Thanks again for your insight and analysis Mr. Lewis.

  2. It is possible to use debt to your advantage in the collapse. For instance, if you buy cheap rural land off grid at low priced paid off soon as in six months ( paid off at the amount you would be paying rent ), and finance a car to commute to work from the land ( where you are building a cabin cash on the barrelhead ), once you lose your job you repo the car and still own a paid for no mortgage home. E-Bay land offers low down owner financed, BTW. Other than that, I’d avoid all debt as we will mostly all be losing our jobs very shortly.

    • InAlaska says:

      I don’t understand why anyone worries about being in debt at all after collapse. Who is going to enforce debt obligations after the banks are all closed down and their are no courts or police? If you’re confidence in collapse, load up on debt for the things you’re going to need and then let it ride. Is there a flaw in this argument?

      • Tom Lewis says:

        Only one. You have to be very sure collapse is coming before your debt is due.

      • Randy C says:

        You are assuming a complete and total breakdown of society. This may not be the case. In any event, the banks will forget your deposits but they will not forget your debts, and given their power over government, can and will change the laws to suit their ends. Debts could find themselves fugitives, and once caught, sold into debt slavery. I seriously considered your position on this issue and decided it was better to be debt free here and now than to take that chance. The system has already survived longer than most of us who follow this topic thought it would.

      • Rob Rhodes says:

        I would offer a second flaw. If collapse is sudden and complete, and as Tom points out, your timing is perfect, then sure you’re out of the debt woods when collapse happens. If instead we have the historically more common slow crumbling, then you might find yourself in debtor prison as is beginning to happen to some in Texas unable to make student loan payments. Remember, the private for profit prison system is looking for inmates/workers all the time and if you examine the 13th Amendment you’ll find it does not protect ‘criminals’ from slavery, they are specifically excluded.

  3. Rob Rhodes says:

    It is a deep irony of our times that three crimes that were once the despised work of gangsters; gambling, loan sharking and drug dealing have been rebranded as gaming, finance and health care and are the trade of a presidential candidate, the paying audience of another and of the solicited contributors to most.

  4. John Cook says:

    It’s funny (in a terribly sad way) how we mock our ancestors – see them as silly, but when you consider that EVERY* religious/cultural tradition has banned Usery as a crime and an abomination for the exact reason that it ends up with a few people owning all the chips maybe we should have listened.
    * The exception of course is the Jewish but even they banned it between themselves – you could only use Usery on the goyim.

  5. K-Dog says:

    Our consumer based market economy is debt driven. Debt allows one to partake in unearned riches but it drives the economy by giving fuel to the economic machine. The now dead protestant work ethic was a balance between the morally sanctioned drive to acquire as much as one could through work and a commitment to restraint by only consuming within ones means.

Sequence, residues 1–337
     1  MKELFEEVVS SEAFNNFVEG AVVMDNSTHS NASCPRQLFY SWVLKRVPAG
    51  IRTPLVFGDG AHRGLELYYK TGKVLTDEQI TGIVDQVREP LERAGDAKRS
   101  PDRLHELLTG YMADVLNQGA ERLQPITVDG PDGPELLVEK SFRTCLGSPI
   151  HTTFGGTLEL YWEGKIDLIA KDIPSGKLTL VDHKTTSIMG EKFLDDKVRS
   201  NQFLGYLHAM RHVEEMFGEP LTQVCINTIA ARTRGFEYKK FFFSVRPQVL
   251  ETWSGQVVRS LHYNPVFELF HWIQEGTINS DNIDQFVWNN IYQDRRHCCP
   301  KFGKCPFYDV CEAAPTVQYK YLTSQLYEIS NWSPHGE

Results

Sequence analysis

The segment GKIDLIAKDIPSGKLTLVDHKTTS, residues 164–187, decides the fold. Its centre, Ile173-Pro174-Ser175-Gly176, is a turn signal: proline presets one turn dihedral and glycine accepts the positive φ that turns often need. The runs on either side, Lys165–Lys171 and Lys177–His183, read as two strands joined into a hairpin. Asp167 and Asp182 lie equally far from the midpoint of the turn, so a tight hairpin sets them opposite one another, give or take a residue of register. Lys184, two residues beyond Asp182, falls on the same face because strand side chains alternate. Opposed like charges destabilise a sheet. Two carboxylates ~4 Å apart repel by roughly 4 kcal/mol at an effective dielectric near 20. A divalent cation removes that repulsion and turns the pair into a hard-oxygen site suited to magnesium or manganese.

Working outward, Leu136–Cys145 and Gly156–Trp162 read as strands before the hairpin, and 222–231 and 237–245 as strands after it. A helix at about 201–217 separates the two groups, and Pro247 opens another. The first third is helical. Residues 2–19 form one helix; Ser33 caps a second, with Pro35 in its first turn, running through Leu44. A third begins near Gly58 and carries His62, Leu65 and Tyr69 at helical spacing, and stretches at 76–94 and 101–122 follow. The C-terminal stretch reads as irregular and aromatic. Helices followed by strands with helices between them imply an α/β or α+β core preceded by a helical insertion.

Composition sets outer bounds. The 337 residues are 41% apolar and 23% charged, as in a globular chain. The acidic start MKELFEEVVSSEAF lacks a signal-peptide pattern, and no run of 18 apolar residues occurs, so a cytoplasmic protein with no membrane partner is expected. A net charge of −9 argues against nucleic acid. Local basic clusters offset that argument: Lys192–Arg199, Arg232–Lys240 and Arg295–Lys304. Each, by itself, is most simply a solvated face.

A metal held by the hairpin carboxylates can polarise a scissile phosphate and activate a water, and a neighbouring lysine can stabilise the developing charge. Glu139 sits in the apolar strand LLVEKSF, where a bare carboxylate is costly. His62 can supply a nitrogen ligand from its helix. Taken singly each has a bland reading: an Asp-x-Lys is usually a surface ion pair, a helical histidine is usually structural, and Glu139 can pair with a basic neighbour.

Consumerism threw off the chains or restraint and broke the protestant work ethic in half when restraint was thrown away as a virtue. The legacy of consumerism goes back to the 1920’s.

    The problem was that the protestant ethic of restraint was not a chain but necessary behavior to live in our world of limits in a rational way. Mortgages are a special case of debt as homes are so expensive they are earned while they are used. If homes had to be earned before they are used many people would not have homes and could not earn anything at all. Not all debt is bad but it must be used with restraint or it cannot possibly be good.

    The religion of consumerism sealed our fate and doomed us to misery because it ignored the problem of dwindling resources and environmental catastrophe in a relentless demand for resources. Losing touch with the natural universal order the religion of consumerism demanded one believe and embrace the notion of infinite growth as the means to wash out the stain of debt which is necessary to keep infinite growth fuelled.

    That the inmates are running the asylum is an often used term because it is so often true. Politicians have made decisions which other men knew to be wrong which has doomed our later generations to extinction. There were individuals in the 1920’s who understood what consumerism would do to the country but the inmates ignored them. Unlimited consumption and growth was declared a virtue and our demise is the result. Had not debt allowed people to live beyond their means jobs would not have been allowed to be exported in a global economy because the ability to earn would have received the attention it deserved.

    The best thing Americans can do is avoid debt and consume less to mitigate the coming and inevitable economic collapse.